Monday, December 10, 2012

The North Face 50 Interview with Alex Nichols

Team Colorado's Alex Nichols placed an impressive 5th overall at the chaotic ultra race, The North Face Endurance Challenge 50 Mile which took place on December 1st in San Francisco, CA. We were able to get a few words in with him around all his other publicity and interview since the race.

Axel after a tough 46.94 miles                                                      photo: Brett Rivers

Team Colorado: Nice race out there in San Francisco! 5th place among some of the finest ultra runners in the country, were you expecting that? Give us the lowdown! 

Honestly I thought I would place better. I'm not disappointed in 5th but I was kind of shocked by how fast everyone was on that day. It's good though. I think ultra running is getting faster and I'm happy to be a part of that.

TC: So, in 2011, you were leading TNF 50 and the next thing you knew is that you were laying on the ground with what you thought might have been a broken ankle. What happened? How many 50 milers have you run?

In terms of ultras I've only ever run the North Face 50. Last year was a huge disappointment because my training leading up to the race was perfect. I spent the first half of that race just sitting behind people and waiting to make my move. When I did I was shocked by how easily I was running, but soon enough gravity caught up with me and my ankle imploded. This year I had 6 weeks of running before the race but managed to finish in a good spot. In some ways 2012 was kind of the opposite of 2011.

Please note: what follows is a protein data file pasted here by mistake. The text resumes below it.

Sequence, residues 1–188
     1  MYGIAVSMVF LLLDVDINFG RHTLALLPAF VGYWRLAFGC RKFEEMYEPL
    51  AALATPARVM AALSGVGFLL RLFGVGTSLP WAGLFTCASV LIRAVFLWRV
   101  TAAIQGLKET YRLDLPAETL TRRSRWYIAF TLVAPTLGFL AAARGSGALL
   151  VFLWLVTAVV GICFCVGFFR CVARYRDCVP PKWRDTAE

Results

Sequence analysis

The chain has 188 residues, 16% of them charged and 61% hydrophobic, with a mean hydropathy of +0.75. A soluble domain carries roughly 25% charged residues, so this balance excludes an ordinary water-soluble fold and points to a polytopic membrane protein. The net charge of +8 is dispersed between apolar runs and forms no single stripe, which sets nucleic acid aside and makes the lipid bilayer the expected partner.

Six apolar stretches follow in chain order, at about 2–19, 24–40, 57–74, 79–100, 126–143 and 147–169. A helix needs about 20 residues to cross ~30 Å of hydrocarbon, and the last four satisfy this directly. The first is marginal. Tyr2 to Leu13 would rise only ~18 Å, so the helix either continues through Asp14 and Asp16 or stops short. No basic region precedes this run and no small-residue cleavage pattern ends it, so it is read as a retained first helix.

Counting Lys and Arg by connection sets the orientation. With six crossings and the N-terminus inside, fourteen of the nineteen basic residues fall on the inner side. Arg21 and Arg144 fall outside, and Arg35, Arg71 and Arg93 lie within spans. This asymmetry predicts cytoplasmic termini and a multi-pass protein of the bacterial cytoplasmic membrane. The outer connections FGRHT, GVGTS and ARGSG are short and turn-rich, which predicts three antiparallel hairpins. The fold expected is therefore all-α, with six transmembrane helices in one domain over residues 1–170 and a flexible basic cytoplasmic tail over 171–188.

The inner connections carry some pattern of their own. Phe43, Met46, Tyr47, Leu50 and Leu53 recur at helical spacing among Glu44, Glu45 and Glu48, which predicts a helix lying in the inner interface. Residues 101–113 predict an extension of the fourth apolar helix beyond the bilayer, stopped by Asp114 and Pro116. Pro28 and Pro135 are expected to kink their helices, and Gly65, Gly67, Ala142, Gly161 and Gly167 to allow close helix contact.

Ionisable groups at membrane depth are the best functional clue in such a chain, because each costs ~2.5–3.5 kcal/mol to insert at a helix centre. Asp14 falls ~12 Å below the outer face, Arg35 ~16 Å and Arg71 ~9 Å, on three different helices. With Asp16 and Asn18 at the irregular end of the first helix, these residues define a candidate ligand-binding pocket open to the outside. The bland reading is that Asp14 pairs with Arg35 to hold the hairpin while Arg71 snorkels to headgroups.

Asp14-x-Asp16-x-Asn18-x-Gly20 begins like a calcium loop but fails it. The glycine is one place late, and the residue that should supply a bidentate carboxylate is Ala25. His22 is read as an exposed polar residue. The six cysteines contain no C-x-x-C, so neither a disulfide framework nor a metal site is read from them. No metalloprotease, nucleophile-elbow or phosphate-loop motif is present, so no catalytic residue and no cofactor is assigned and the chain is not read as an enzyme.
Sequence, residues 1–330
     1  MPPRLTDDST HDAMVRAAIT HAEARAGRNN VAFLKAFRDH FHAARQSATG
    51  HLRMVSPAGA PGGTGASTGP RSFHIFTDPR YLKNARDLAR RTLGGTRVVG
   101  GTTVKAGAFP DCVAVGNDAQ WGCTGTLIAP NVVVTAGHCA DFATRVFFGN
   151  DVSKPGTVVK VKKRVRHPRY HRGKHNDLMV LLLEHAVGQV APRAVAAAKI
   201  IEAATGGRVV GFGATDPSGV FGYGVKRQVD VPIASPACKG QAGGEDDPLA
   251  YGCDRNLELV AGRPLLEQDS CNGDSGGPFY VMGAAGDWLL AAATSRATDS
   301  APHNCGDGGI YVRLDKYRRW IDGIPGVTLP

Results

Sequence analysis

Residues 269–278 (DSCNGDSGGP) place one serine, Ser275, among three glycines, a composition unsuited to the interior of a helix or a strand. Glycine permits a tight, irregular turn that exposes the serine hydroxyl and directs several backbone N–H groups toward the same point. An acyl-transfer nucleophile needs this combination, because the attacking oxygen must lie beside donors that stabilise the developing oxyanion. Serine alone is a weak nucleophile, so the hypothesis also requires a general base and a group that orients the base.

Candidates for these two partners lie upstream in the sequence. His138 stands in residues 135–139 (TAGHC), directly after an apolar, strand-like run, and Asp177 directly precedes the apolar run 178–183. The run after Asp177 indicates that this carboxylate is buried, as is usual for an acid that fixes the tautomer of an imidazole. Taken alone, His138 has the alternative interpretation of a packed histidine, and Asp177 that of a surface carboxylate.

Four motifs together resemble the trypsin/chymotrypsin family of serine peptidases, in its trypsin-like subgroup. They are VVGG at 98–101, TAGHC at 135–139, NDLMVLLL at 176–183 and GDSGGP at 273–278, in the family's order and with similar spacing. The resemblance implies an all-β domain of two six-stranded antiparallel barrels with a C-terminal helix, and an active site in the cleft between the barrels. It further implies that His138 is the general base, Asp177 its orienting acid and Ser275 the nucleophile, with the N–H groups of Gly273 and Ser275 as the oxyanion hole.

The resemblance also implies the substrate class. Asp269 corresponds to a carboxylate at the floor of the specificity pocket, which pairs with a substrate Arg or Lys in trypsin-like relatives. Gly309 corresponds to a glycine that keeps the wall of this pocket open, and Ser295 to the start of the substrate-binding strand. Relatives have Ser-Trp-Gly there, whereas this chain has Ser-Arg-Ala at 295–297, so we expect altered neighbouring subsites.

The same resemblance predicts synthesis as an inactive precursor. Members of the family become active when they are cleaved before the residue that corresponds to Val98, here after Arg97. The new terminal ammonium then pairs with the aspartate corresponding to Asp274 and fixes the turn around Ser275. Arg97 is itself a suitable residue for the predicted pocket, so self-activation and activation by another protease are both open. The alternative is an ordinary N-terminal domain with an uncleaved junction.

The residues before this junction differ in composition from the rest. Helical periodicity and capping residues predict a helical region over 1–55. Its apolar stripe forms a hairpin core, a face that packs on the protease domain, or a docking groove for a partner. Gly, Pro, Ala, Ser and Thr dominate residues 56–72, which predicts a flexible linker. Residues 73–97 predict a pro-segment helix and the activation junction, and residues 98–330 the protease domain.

TC: Back in August you place 2nd at the Pikes Peak Marathon, in front of World Mountain Running Champion Max King and probably one of the most versatile trail, mountain, ultra, cross country, track, etc. runners out there, and even gave Killian Jornet a run for his Euros. That was when your name got out there and all the running groupies wanted your autograph. Were you expecting the same thing at TNF 50--with the running, that is, not the groupies?